Study Selection  All studies that reported an odds ratio (OR) or data on expected and observed cases of SLN positivity and histologic regression were included.

Data Extraction and Synthesis  Primary random-effects meta-analyses were used to summarize ORs of SLN positivity and histologic regression. Heterogeneity was assessed using the χ2 test and I2 statistic. To assess the potential bias of small studies, we used funnel plots, the Begg rank correlation test, and the Egger weighted linear regression test. The methodologic quality of the studies was assessed according to the Strengthening of Reporting of Observational studies in Epidemiology (STROBE) checklist, and 2 different meta-analyses were performed based on those criteria.

Main Outcomes and Measures  Summary ORs of histologic regression of primary melanoma and SLN status.

Results  Of the 1509 citations found in the search, 94 articles were reviewed, and 14 studies comprising 10 098 patients were included in the analysis. In the combined 14 studies, patients with regression had a lower likelihood to have SLN positivity (OR, 0.56; 95% CI, 0.41-0.77) than patients without regression. On the basis of study quality, we found that patients with regression enrolled in high-quality studies had a lower likelihood to have SLN positivity (OR, 0.48; 95% CI, 0.32-0.72) compared with results of low-quality studies (OR, 0.73; 95% CI, 0.53-1.00). Examination of the funnel plot did not provide evidence of publication bias.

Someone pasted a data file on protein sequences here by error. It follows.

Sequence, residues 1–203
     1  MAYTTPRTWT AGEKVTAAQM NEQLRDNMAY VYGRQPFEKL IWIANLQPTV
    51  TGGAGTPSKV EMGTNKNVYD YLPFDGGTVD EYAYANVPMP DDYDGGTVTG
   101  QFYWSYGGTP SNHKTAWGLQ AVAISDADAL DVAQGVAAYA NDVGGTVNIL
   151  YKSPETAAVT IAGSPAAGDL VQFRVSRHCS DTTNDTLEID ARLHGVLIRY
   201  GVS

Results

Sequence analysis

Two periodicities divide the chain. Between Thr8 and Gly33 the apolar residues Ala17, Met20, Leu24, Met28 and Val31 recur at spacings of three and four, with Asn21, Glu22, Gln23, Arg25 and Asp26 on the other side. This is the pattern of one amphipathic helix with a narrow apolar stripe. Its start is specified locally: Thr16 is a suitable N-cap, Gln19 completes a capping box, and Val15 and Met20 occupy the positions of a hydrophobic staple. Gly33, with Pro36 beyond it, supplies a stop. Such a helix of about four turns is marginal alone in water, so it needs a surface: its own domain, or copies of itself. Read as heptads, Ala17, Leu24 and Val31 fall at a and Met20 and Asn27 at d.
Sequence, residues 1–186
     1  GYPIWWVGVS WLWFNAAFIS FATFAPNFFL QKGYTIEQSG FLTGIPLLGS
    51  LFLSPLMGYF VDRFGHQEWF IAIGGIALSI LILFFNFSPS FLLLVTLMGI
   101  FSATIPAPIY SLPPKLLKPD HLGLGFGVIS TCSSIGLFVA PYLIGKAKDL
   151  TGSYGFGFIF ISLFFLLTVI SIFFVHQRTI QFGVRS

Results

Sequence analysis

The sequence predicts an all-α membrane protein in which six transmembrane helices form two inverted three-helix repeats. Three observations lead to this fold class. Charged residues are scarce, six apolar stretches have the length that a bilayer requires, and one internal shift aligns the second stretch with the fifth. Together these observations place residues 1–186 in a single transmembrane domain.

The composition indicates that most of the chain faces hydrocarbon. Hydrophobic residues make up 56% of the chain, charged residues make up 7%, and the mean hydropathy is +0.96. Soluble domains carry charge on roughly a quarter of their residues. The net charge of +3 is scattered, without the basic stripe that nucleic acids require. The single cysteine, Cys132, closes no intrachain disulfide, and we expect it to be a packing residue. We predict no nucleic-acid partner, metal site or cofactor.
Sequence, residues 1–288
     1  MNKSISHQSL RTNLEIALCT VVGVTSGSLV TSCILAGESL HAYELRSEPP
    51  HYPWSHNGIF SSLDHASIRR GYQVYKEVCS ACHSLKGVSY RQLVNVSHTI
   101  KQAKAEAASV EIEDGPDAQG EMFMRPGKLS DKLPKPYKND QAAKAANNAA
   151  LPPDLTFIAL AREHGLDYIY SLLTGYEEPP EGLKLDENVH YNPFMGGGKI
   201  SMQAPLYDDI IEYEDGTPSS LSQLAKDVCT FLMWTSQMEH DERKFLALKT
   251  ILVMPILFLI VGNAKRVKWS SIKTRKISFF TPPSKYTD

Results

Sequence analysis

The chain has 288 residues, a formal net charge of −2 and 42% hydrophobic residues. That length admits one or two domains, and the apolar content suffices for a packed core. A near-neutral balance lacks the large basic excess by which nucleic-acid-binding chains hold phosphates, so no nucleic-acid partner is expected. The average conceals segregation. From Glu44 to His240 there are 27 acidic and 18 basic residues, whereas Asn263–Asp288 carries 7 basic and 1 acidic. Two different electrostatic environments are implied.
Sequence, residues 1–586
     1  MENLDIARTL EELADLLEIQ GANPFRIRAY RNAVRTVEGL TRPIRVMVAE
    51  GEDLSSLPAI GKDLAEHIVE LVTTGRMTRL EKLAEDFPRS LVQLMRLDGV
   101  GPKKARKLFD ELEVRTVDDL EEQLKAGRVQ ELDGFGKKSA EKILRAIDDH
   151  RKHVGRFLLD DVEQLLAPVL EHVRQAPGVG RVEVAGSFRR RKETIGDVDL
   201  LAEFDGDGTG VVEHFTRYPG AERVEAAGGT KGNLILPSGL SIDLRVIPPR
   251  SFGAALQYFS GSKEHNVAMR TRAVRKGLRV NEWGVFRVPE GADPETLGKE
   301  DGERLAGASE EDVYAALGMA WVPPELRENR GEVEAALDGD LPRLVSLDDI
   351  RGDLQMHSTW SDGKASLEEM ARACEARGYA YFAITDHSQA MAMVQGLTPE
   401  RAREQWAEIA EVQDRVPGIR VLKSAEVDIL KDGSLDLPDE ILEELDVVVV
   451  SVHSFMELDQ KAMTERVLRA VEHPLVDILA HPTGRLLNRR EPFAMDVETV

Conclusions and Relevance  The results of this analysis showed that the risk of SLN positivity was significantly lower in patients with histologic regression compared with those without. Regression may be used in these cases to make a selection of which patients should be the most appropriate for this procedure.

×